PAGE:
JPC Report on the PDP Bill | 23 Nov 2021

Why in News

Recently, a Joint Parliamentary Committee (JPC) has finalised and adopted the draft report on The Personal Data Protection (PDP) Bill, 2019 by a majority.

  • The Bill will be soon tabled in the upcoming Winter Session of Parliament. The JPC has got five extensions to submit a report on the Bill in two years.

Key Points

  • PDP Bill:
    • It was first brought to the Parliament in 2019 and was referred to the JPC for examination at the time.
      • The Bill was drafted after a Supreme Court ruling that declared 'Right to Privacy' a fundamental right in August 2017, Puttaswamy judgment.
    • It is commonly referred to as the “Privacy Bill” and intends to protect individual rights by regulating the collection, movement, and processing of data that is personal, or which can identify the individual.
    • The Bill is landmark legislation meant to regulate how various companies and organizations use individuals’ data inside India.
    • The 2019 draft of the Bill proposed the formation of a Data Protection Authority (DPA), which would regulate the use of users’ personal data by social media companies and other organizations within the country.
  • Report:
    • Clause 35/Exemption Clause:
      • The committee has retained the Clause with minor change.
      • It allows the Government to keep any of its agencies outside the purview of the law.
        • The Clause in the name of “public order”, ‘sovereignty’, “friendly relations with foreign states” and “security of the state” allows any agency under the Union Government exemption from all or any provisions of the law.
      • The clause is for “certain legitimate purposes” and also there is precedent in the form of the reasonable restrictions imposed upon the liberty of an individual, as guaranteed under Article 19 of the Constitution and the Puttaswamy judgment.
    • Recommendations:
      • Policy on Data Localisation:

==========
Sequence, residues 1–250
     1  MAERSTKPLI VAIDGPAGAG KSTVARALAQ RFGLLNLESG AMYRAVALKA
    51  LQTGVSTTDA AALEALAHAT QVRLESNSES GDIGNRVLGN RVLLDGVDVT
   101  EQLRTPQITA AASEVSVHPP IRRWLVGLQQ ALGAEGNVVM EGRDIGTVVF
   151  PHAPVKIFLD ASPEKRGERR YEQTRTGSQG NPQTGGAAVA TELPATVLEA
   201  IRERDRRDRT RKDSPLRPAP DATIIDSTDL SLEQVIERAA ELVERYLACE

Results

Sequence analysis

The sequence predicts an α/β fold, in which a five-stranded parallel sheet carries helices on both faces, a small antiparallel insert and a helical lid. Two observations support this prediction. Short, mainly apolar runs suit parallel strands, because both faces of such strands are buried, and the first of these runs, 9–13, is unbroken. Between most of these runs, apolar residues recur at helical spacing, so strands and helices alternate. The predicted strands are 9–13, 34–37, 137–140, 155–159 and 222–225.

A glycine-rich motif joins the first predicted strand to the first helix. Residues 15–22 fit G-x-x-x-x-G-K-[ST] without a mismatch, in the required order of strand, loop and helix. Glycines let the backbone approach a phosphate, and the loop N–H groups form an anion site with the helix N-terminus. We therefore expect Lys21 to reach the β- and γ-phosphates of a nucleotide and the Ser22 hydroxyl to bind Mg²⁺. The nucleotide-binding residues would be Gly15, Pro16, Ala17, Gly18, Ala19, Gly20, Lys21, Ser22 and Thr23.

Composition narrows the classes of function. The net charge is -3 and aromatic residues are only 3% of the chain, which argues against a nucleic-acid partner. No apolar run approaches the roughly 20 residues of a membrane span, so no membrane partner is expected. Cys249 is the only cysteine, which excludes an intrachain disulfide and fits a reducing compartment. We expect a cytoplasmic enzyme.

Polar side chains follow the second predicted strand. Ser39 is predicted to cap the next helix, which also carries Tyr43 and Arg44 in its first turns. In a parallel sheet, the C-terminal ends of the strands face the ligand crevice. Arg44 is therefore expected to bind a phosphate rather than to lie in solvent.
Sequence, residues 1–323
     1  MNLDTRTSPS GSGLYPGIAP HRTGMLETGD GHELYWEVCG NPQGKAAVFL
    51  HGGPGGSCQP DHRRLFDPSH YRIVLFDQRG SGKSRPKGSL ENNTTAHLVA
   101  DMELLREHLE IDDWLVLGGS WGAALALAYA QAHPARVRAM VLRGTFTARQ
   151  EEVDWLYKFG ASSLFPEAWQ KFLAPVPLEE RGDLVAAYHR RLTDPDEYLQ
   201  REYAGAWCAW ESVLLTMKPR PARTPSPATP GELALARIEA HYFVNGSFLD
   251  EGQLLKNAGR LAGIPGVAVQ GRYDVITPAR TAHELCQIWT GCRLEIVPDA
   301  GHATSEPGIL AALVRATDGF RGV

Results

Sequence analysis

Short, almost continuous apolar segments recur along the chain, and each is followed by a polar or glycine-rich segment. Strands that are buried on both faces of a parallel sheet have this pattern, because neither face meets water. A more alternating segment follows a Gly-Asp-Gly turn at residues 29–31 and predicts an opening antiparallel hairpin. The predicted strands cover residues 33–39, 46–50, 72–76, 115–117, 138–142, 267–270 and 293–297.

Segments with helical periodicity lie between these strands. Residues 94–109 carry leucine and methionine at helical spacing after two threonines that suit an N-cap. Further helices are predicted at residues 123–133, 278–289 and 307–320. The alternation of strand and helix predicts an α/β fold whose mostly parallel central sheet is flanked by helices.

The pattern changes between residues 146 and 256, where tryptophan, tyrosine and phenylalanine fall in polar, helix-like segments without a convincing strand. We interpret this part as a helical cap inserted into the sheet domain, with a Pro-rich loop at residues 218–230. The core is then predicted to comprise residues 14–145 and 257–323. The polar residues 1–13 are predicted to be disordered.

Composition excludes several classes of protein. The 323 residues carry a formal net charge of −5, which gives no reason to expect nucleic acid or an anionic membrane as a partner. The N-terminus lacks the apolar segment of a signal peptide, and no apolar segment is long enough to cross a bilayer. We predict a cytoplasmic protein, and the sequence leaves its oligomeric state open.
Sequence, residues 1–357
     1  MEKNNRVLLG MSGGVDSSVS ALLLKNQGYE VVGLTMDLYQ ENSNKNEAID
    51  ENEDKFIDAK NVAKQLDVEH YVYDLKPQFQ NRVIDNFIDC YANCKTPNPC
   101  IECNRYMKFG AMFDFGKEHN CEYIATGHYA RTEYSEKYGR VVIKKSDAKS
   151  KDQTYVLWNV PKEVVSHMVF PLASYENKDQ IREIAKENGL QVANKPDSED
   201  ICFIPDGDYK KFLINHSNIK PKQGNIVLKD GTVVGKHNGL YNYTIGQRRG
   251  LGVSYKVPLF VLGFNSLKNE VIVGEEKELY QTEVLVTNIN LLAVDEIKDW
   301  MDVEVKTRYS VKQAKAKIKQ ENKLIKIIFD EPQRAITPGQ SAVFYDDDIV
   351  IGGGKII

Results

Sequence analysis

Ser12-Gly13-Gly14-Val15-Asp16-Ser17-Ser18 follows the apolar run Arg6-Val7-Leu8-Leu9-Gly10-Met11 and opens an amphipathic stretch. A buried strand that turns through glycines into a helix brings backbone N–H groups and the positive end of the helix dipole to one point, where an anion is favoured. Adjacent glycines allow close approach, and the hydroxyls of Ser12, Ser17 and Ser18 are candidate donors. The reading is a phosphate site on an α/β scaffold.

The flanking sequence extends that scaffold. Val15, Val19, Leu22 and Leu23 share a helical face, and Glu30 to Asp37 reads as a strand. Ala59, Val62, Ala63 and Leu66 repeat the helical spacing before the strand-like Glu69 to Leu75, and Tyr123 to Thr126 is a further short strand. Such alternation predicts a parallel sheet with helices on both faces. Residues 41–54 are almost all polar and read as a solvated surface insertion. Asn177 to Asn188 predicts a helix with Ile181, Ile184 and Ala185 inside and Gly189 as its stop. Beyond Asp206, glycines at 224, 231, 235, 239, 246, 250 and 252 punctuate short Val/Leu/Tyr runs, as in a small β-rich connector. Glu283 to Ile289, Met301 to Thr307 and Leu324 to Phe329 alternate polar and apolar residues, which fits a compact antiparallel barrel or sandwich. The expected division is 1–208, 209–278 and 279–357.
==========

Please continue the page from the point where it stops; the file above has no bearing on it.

• Development of an alternative indigenous financial system for cross-border payments on the lines of Ripple (U.S.) and INSTEX (EU) and that the Central Government, in consultation with all the sectoral regulators, must prepare and pronounce an extensive policy on data localisation.
      • Certification for Digital Devices:
        • Government should make efforts to establish a mechanism for the formal certification process for all digital and IoT (Internet of Things) devices that will ensure the integrity of all such devices with respect to data security.
      • Accountability of Social Media:
        • It has recommended that all social media platforms, which do not act as intermediaries, should be treated as publishers and be held accountable for the content they host, and should be held responsible for the content from unverified accounts on their platforms.
        • The government should also define the threshold of users of significant social media platforms and process of voluntary user verification.
      • Sharing Data:
        • Under clause 94, previously clause 93, which deals with granting powers to the government to make rules, the panel recommends that the government decide the manner in which a data fiduciary can share, transfer or transmit the personal data to any person as part of any business transaction.
          • A data fiduciary is an entity or individual who decides the means and purpose of processing personal data.
        • The government should take the final call on whether sensitive personal data can be shared with a foreign government or agency.
        • The recommendations also give the government the scope to set up a future statutory body to look into the use of personal data by journalistic organisations.
        • The recommendations suggest the government will decide the penalty for those failing to comply with the provisions, which was earlier defined with respect to the global turnover of the company as part of the bill.
  • Concerns:
    • The committee expressed concerns with possible misuse. Though the State has rightly been empowered to exempt itself from the application of this Act, this power may be used only under exceptional circumstances and subject to conditions as laid out in the Act.
    • The Bill creates two parallel universes — one for the private sector where it would apply with full rigour and one for the Government where it is riddled with exemption, carve outs and escape clauses.
    • A Bill that seeks to provide blanket exemptions either in perpetuity or even for a limited period to the ‘state’ and its instrumentalities, is beyond the legal power of the Fundamental Right to privacy as laid down in Puttaswamy judgement.
    • Bill does not provide adequate safeguards to protect the right to privacy and gives an overboard exemption to the Government. Clause 35 is open to misuse since it gives unqualified powers to the Government.
    • The Bill pays little attention to “harms arising from surveillance and effort to establish a modern surveillance framework”.
    • The Bill has no provision to keep a check on collection of data by hardware manufacturers.

Source: TH